Minority Report

I admit that the theater conditions during Minority Report put me in a bad mood, but the glowing reviews by Roger Ebert and in The New Yorker simply floor me. To the screenwriter’s credit, the plot had enough twists and turns that even when I thought I knew where it was going, I didn’t quite. And the twist and turns are plausible within the logic of the story; that is, the movie doesn’t cheat.

But Minority Report also had a lot of those Spielbergian excesses that I’ve hated in every one of his films since E.T. On top of that, I feel I’ve been CGI’d to death. The hollowed eye-socket. Fakey. The fight scenes. Fakey.

I didn’t hate the movie: there were some fun things to watch: the UI at PreCrime; the talking ads at the mall (scary enough to make me shop online 100%); the garden of poisonous delight (great stolen kiss there, Lois). But so many other scenes seemed lifted from other movies: Bladerunner, Brazil, Robocop, The Fifth Element, and Groundhog’s Day.

I think the elements were blended by the same kinds of minds parodied in The Morning News the scenes: the Minority Report Trailer. Watch trailer 3, read the story, and then let me know whether you agree or disagree with Roger Ebert that this is a 4-star movie.

Slate’s Tim Appelo offers another dissenting view, questioning the film’s noir classification.

Alert: Spoilers Ahead

AJM points out the film’s biggest flaw. Why disband the PreCrime program when you can use it to prevent murder? Stop convicting people for crimes they haven’t committed, but continue to use it to stop murders before they happen.

Why is so much attention drawn to the fact that if John Anderton (Tom Cruise) removes his bandages before his time is up, that he will go blind and then nothing comes of it? We get the warning twice. We get the ticking clock. We get him struggling with the spiderbots. One eye is uncovered and scanned. Tom reacts in agony. We remember a line early in the film, “In the land of the blind, the one-eyed man is king.” And then nothing. No consequences. No payoff.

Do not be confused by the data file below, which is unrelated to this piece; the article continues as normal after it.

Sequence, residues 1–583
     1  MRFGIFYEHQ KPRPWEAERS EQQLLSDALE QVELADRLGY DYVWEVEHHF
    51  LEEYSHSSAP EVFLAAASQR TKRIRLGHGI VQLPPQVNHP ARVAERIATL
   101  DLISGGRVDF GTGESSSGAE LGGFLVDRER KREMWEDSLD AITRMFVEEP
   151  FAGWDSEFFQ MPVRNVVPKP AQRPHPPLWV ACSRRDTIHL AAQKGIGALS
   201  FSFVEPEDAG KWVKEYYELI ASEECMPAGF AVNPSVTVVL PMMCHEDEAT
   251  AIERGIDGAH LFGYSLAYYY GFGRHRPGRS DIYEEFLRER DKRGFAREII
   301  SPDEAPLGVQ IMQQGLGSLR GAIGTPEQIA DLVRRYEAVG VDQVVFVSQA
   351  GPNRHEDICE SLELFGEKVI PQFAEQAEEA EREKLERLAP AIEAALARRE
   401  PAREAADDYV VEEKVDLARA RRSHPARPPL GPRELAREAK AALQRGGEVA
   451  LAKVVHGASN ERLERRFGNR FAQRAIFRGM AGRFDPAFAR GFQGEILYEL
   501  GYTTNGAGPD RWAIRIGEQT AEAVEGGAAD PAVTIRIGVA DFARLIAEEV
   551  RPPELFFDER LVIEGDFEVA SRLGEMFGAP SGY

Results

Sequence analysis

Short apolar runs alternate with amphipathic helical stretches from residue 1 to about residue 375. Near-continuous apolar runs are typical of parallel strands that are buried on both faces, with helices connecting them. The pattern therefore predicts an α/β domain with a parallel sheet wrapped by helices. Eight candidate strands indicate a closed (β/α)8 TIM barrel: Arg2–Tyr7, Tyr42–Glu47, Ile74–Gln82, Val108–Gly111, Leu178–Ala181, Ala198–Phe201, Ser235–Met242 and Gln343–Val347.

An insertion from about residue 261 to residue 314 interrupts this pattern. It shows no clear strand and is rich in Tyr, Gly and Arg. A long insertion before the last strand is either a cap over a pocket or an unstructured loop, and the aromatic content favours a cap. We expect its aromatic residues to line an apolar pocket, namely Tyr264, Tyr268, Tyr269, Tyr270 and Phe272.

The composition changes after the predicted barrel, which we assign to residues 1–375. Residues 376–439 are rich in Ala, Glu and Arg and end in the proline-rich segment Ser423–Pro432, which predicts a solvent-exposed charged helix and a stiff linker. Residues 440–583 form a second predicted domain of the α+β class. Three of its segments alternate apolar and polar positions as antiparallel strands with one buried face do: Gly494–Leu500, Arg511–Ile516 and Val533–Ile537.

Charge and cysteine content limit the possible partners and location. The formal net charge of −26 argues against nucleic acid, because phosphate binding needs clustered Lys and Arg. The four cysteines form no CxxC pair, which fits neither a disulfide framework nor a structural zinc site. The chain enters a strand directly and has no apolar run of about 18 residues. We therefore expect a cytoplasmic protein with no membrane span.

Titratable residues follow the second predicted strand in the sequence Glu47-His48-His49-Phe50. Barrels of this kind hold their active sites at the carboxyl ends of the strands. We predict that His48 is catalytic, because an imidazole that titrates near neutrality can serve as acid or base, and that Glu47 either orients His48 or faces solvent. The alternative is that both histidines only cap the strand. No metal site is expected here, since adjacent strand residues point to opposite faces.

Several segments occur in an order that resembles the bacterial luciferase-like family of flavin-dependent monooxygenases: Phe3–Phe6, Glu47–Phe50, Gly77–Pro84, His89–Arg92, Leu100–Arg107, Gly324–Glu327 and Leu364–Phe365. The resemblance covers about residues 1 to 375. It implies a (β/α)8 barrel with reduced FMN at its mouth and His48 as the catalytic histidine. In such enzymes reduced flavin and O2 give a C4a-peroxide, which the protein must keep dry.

Do eyeballs really bounce and roll like billiard balls? I thought they were soft and gloopy. And don’t they need to be on ice, or at least chilled so they don’t start rotting? How long were they in his box of stuff from work? How did they get into his box of stuff from work?

You mean to tell me they have a rogue employee, who’s fingered as a murder, and they haven’t changed the door code yet?

When they finally explain why this film is called Minority Report, I breathed a sigh of relief and thought, “Maybe it’s not such a stupid name for this movie.” But that thread of the plot is dropped and I reverted to my original opinion.

Danny Witwer (Colin Farrell) is an experienced homicide detective and he goes alone to confront the bad guy with the proof of his crime? And before he does so, he hands him a loaded gun. And he expects what to happen? Okay, maybe he didn’t read the part in the PreCrime documentation that explained all three PreCogs had to be present to foresee a murder. (Wonder how he missed that in his thorough investigation of the PreCrime unit.) Even if you believe he was waiting for the good guys to save him in moment of dramatic flourish, the entire setup is out of character for someone who is convinced of flaws in the system.